Lots of houses and cottages dot the landscape, with many islands having a house (or two) perched on top, with little jetties for returning boats. 

Each with its idyllic view and solitude.

Yet, if you want company and good chat Donegal is the place to come. As my husband says, having a good chat is the first order of the day. Everything works around that.

Many an in-depth chat was had about the world with people we met. The issue of Brexit and the border-question was on a lot of people’s minds, businessmen were particularly worried by its implications.

My husband, being Irish, was a lot better at chatting at length than me. His record was a two-hour chat with a man he met on a morning walk. 

I am going to leave you with one of the first paintings I have finished since returning to Wales. I have had a lot of social media stuff and commissions to catch up on since returning.

I really enjoyed my break and will regale you with thoughts on life with less internet/tv in another post.

Donegal Landscape painting
Over to Tullyillion SOLD

19 thoughts on “It’s a long way to Donegal

  1. Welcome back! Your cottage looks very nice, fit for a painting perhaps? Life with less internet is what I’ve been enjoying lately, because our connection is very slow and iffy.

    1. Thank you, Hein. I am sure the cottage will be the subject of a painting soon.

  2. Yes it is a long way to Donegal. But having just driven from South Florida to Southern Ontario last week a journey of 2,300 Kilometers Donegal does not seem so bad. Good to see you back. Sadly we had to say goodbye to little Tia. I was happy to see your lovely portrait of her when we got home.

    1. Well, its not far at all compared with your long drive! So sorry to hear about Tia, dogs are such good companions they leave a big gap when they go.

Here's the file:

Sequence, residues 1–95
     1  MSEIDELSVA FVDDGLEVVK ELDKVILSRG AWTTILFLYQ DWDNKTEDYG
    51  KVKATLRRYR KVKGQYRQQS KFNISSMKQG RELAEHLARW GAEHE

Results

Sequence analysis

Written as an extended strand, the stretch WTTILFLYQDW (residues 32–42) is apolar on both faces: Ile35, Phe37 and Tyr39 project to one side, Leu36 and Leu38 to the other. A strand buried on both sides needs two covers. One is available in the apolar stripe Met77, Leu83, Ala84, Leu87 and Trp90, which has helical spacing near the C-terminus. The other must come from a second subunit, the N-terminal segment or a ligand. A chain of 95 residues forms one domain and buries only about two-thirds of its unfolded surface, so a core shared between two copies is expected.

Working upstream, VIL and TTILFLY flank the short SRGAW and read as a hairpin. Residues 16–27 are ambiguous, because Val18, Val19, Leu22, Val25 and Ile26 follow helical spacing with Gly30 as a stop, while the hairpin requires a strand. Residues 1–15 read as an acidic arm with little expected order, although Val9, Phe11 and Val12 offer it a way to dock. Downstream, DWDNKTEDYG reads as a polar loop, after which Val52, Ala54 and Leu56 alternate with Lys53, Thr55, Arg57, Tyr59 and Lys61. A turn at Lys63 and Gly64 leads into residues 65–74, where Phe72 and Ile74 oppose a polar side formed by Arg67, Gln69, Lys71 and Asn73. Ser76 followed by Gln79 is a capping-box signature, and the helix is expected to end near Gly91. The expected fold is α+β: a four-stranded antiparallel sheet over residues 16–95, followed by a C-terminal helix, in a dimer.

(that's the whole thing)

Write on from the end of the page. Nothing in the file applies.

3. I love the rock formations with those great cracks through them. I love Ireland; a visit is overdue!

    1. The rocks are great. We have a massive one at the back of the house that shelters us from the wind.

  4. If you drove 412 miles in 12 hours and 3 minutes,that gives a speed of 34.2 mph. You drive like me,slowly!

  5. Ha Ha!! I didn’t think I was THAT slow!

  6. A long way to Donegal…and here I thought it was a long way to Tipperary. That’s a pretty bad joke, but it’s all I can come up with at the moment. I will say one thing for sure, you will never find me driving in a country that drives on the “wrong” side of the road! I would get so confused I would leave devastation in every direction! I don’t mind going fast, and I don’t mind busy highways, but driving on the left side of the road would kill me for sure. 🚔🚗🚛

  7. Ha! Ha! It’s OK Alli, we drive on the left in both the UK and Ireland so there was no change there for me. If have found that so long as you have the right car for the road its OK driving on the “other side”. So a hire car with a left hand drive for driving on the right side of the road for USA & most European counries or a right hand drive for driving on the left (UK& Ireland). Taking your British right hand drive car to France is a nightmare because the driver is in the wrong place to see stuff and has to ask the pessenger in the front seat (if there is one) to tell them if the coast is clear.

  8. Lovely painting, Emma! I hope you found the trip very rejuvenating. I keep trying to lay off the internet myself, but I get so antsy without it. Siiiigh.

  9. Thank you, Gabriela. The internet has got us all hooked!

  10. It’s there so beautiful.Now i understood why my uncle go’s for a long time to Ireland in 1950 ..He was a painter and in move with Ireland an dScottland

    1. I think the landscape in Donegal is a lot like Scotland. Do you have any photos of our uncle’s paintings?

  11. Your first impressions painting is lovely, Emma, and I enjoyed the last bit of the flight into Donegal. It’s not as mountainous as I’d expected, and I’m awfully biased these days- I love the landing at Faro when you drop down over the ilhas. 🙂 🙂

    1. Ha! Ha! You are clearly spolit, Jo. There are mountains, just not right next to the airport.

      1. That’s me! 💖🌼🌺🍀💕

  12. What beautiful countryside! As always, I am amazed at the lack of trees. But that certainly makes for excellent views. Thanks for the landing video – I was pressing my feet on the floor to get the plane to stop.. haha! Glad to hear you “got faster” while driving back. That was funny. Love the gorgeous painting as well.

    1. Thank you, Pam. There are shrubs and bushes but few big trees in Donegal. Glad you enjoyed the video – it’s afun flight to take as its a small plane. Wierdly I like them better than massive airplanes!